The history of fifteenth century pottery has been substantially re-ordered by the publication of a cross-disciplinary study in 1996 which combined the study of historical sources, stylistic analyses of the wares, and petrograhic analyses of the materials used (L. Golombek, R. Mason and G. Bailey: Tamerlane's Tableware, Toronto, 1996). Blue and white pottery is divided into groups and, in most cases, then attributed to different centres.
Stylistically the present dish is clearly a part of the "Tabriz" group. The drawing is fluent and free, the glaze has a large scale cracquelure through it and the shape has a very wide and shallow foot. The turquoise splashes in the glaze are even paralelled by an example from the group in the Royal Ontario Museum (Tamerlane's Tableware, col.pl.XVII).
It is thought that this group was made in Tabriz under the Turkoman and early Safavid rulers. The design on the present dish is closely related to that on two dishes in the Hermitage Museum. Each of those shows a cockerel among foliage, but in both cases the drawing is not as clear as here, and the flowers not as clearly indebted to Timurid illumination (Tamerlane's Tableware, pls.69 and 70, p.225; for the first in colour see Iran and the Hermitage (in Russian with English captions), Saint Petersburg, 2004, no.165 p.141). The finesse of drawing is closer to another dish of the group depicting a flying simurgh in the Victoria and Albert Museum (Y. Crowe: Persia and China, Safavid Blue and White Ceramics in the Victoria and Albert Museum, London, 2002, nos. 4 and 5, p.51). Among the entire group however the present dish stands out; not only is it well drawn, but it is in outstanding condition for the group, most of which are shadows of their former selves.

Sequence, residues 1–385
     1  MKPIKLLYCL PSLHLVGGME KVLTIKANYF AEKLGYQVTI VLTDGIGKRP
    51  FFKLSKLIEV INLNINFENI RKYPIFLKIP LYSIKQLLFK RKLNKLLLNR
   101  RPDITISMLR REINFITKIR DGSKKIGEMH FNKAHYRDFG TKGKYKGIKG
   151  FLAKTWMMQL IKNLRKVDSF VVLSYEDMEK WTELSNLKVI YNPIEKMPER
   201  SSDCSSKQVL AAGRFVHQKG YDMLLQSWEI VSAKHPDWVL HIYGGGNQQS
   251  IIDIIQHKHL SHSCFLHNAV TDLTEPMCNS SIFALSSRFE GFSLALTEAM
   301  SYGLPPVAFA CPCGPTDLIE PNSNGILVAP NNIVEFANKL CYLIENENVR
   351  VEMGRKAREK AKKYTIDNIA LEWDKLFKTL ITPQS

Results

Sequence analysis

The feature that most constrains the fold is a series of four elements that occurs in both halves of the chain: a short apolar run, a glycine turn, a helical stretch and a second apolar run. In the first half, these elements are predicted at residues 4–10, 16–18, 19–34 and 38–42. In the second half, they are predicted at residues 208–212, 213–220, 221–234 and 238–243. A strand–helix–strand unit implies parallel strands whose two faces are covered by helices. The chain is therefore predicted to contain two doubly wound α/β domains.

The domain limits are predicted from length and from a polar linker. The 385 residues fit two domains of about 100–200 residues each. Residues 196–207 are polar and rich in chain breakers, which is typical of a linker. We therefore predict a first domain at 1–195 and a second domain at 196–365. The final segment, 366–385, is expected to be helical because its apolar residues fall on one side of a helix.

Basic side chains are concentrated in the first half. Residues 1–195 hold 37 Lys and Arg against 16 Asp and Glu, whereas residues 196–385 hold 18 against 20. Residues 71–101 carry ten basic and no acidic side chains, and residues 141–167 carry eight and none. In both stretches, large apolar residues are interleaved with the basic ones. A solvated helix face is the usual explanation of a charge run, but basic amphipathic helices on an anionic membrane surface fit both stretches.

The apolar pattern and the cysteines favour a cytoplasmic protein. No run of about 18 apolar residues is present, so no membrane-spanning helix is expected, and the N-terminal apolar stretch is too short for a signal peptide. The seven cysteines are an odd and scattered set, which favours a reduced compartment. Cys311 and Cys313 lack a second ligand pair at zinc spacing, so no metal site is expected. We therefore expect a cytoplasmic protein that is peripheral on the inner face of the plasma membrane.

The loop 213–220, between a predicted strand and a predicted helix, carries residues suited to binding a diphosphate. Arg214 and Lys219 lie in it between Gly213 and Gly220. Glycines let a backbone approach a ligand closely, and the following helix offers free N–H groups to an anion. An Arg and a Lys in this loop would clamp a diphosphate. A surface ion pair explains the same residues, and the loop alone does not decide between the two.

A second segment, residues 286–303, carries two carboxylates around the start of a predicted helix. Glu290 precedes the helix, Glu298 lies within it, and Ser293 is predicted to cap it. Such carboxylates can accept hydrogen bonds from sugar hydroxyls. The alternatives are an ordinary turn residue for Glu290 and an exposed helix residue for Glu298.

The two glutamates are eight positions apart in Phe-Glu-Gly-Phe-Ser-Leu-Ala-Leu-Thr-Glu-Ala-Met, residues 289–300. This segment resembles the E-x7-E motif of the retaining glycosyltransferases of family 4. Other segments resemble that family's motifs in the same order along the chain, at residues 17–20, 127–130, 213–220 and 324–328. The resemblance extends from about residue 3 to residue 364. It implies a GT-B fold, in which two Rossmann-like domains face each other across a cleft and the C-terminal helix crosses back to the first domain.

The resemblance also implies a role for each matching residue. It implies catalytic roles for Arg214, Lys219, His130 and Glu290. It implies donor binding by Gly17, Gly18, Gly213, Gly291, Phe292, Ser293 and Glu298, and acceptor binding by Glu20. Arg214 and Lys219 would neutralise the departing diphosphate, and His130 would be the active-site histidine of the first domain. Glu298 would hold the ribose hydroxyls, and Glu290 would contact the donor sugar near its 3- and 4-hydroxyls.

For two other dishes in the same group please see lots 122 and 125.